New Book Brings Historic Marionettes Tales to Life


Could the curtains again rise on Saline’s most famous show?

Jim Cameron hopes so.

Cameron is the co-author of Tales Come Alive, The Meridith Bixby Marionettes: An Oral History.

For 50 years, from 1932-1982, the Bixby Marionette shows delighted schoolchildren in Saline and throughout the Midwest.

Meredith Bixby, a Saline native and son of the town’s dentist, was the father of the production. He meticulously carved the three-foot-tall puppets. He designed the wires and strings that controlled the figures. He crafted the scripts based on Russian folk tales. He created the scenes and backdrops. His wife, Thyra, made the costumes. Meredith even operated the puppets for a time before turning over the duties to students or recent graduates - who took the show on the road and played at schools across the Midwest.

Bixby did all this from his office on South Ann Arbor Street, atop what is now Carrigan Cafe. Bixby’s space also had a stage where he previewed his productions every year.

Cameron and his wife detail the story of Bixby and his Marionettes in the book - many years in the making.

Growing up, while he was playing sports and horsing around Chelsea, Cameron didn’t know of the Marionettes. But his sister saw a production or two.  Cameron never saw them until after Bixby’s death. He visited the museum dedicated to the Marionettes in what was then the home to the Saline Area Chamber of Commerce in downtown Saline. During the Great Recession, the museum closed, and the Marionettes were stored in the basement of Saline City Hall. For the most part, that’s where they’ve been ever since.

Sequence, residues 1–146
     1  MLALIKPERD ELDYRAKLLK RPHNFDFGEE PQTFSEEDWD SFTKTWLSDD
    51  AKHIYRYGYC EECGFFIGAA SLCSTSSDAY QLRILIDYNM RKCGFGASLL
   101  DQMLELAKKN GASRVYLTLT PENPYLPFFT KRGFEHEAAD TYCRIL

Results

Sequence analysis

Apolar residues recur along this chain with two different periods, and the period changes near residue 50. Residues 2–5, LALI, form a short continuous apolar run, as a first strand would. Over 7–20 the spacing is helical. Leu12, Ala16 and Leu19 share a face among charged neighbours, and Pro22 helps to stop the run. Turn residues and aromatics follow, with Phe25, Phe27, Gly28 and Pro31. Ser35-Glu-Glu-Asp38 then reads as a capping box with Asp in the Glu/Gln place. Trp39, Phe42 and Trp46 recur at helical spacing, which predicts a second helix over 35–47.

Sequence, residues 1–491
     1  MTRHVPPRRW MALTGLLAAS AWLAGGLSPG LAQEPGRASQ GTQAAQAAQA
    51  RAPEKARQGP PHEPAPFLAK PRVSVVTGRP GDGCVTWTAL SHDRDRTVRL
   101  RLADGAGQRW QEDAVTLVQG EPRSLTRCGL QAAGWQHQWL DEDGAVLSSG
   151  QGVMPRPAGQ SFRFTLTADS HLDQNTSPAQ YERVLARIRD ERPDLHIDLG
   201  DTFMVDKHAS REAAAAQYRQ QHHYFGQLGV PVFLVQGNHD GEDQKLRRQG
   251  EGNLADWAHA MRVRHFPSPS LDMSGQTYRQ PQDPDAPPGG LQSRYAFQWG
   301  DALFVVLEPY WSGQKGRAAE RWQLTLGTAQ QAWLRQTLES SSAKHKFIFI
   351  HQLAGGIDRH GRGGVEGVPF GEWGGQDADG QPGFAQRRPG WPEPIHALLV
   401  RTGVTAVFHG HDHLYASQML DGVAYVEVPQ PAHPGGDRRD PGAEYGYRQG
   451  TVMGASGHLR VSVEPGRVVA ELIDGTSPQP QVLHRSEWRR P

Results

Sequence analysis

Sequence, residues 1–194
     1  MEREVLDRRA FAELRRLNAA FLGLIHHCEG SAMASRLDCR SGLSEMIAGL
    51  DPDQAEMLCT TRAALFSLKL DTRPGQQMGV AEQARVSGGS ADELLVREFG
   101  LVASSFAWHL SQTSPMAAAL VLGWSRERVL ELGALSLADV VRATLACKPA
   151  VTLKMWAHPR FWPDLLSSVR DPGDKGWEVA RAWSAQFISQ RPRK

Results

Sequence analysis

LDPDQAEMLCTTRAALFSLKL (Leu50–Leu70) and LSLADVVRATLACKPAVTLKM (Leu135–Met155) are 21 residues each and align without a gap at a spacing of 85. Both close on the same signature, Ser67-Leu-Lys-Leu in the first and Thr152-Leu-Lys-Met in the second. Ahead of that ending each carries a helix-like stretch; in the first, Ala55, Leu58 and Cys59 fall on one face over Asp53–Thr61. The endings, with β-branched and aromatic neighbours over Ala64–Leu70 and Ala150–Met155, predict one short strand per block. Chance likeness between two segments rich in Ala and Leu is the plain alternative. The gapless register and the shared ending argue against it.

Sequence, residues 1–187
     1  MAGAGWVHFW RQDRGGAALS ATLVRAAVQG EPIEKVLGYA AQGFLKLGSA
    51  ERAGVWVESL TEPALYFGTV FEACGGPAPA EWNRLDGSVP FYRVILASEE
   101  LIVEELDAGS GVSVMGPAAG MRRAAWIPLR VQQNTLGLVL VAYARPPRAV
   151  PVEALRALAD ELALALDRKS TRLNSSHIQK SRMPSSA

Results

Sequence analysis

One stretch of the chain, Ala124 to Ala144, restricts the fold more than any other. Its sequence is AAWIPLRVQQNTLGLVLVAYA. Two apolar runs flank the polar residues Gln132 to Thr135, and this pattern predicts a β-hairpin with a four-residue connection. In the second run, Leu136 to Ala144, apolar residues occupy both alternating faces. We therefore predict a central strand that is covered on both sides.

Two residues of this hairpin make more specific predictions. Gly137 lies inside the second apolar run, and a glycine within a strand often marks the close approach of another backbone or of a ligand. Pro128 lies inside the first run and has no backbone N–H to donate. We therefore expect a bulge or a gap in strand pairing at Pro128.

According to Cameron, other museums and schools have offered to host some of the Marionettes, but Bixby’s son Mike wanted them displayed in Saline.

The Bixby Family Trust has an agreement with the city to maintain and promote the collection, which features over 100 puppets and 200 props.

In recent years, there has been some renewed interest in cataloging and promoting the Bixby Marionettes. Cameron's book is part of the effort to raise awareness about the history of the shows and raise funds for a new museum for the collection.

Cameron is a retired Saline Area Schools history teacher. He’s also an active member of the Michigan Oral History Association.

“As time went on and the questions about the Marionettes came up, it became clear that we needed to tell these stories before all the people involved passed,” Cameron said.

Cameron knows history worth preserving when he sees it.

“The city spends money on the Depot Museum and the Rentschler Farm Museum, and I’m all for that. But the Bixby Marionettes are a cultural phenomenon that was born in Saline and that is uniquely tied to Saline. A Bixby Marionettes museum belongs in Saline,” Cameron said.

The book allows some of the people closest to the Marionettes to tell the story of Meredith Bixby, his wife Thyra, their company, the puppeteers and shows.

Among those who contribute to the book are the Bixbys' son and daughter, Mike Bixby and Norah Bixby. Several of Bixby’s employees, including puppeteers Don Watkins, Brian Steimel and Fred Thompson, and local residents with connections to the Bixbys, spoke about the Bixbys, their shows and more.